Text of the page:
If your dog has a foreign body lodged between her paw pads (such as a grass seed or a thorn), the vet may have to sedate your dog to remove it. The same is true for the removal or trimming of a torn toenail.


Yeast or bacterial infections often develop following a wounded paw. Your vet may prescribe an anti-fungal or antibiotic.

Interdigital Cyst

You must get an interdigital cyst seen by a vet. They can take six to eight weeks to treat. Sometimes they become infected and need antibiotics and anti-inflammatories. Occasionally, they require surgery.

Don’t ignore an interdigital cyst. They are painful and could result in your dog having difficulty walking.

Acral Lick Granuloma

As discussed above, because it typically has a behavioral component, treating acral lick usually requires both medical care and a behavior modification program.

As with any paw licking, the first step is to visit the vet. They will want to investigate if there is an underlying medical condition such as a deep infection or a food allergy (two common culprits).

Even if the underlying condition is medical, by the time the granuloma forms, the dog has usually developed a compulsion to lick. By the time the granuloma is treated, the dog usually needs behavior modification as well as medical care.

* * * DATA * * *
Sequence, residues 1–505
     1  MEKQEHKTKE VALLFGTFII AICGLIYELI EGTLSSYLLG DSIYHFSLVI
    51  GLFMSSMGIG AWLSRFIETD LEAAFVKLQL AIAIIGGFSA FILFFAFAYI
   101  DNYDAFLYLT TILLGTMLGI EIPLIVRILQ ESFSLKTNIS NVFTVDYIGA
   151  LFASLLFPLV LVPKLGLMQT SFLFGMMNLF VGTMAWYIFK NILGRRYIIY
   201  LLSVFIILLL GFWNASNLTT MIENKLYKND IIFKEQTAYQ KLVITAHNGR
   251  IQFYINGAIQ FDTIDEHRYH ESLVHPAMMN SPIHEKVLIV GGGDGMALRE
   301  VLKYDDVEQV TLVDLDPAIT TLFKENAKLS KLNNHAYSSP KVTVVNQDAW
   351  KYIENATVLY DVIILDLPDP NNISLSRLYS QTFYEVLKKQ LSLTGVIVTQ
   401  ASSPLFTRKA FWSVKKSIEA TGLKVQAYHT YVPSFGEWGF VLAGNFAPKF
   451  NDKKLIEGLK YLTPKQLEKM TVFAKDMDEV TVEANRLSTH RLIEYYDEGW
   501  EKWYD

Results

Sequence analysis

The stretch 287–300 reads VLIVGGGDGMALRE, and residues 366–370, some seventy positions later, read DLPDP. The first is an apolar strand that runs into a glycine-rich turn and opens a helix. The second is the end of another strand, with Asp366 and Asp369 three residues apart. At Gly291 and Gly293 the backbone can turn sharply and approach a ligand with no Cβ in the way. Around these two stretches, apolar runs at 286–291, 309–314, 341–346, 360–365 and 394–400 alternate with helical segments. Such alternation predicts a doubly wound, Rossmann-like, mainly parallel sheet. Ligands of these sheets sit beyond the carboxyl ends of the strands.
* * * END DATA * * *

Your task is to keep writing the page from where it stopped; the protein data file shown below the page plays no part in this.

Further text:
Your vet will treat the medical condition first. Treatment may be complicated by pain, extreme itching, and secondary infections in addition to the underlying cause of the discomfort.

The vet may prescribe antibiotics or anti-inflammatory medication to heal the lesion. They may recommend covering it with bandages. They may also order an Elizabethan collar so your dog can’t continue to lick the wound.

However, because your dog may have underlying anxiety, Debra Horwitz, DVM, suggests weighing carefully the benefit of bandages and collar. They may increase your dog’s anxiety.

Dr. Horwitz adds that if you can resolve the issues that caused the anxiety that resulted in the acral lick, your dog’s skin issues may not recur.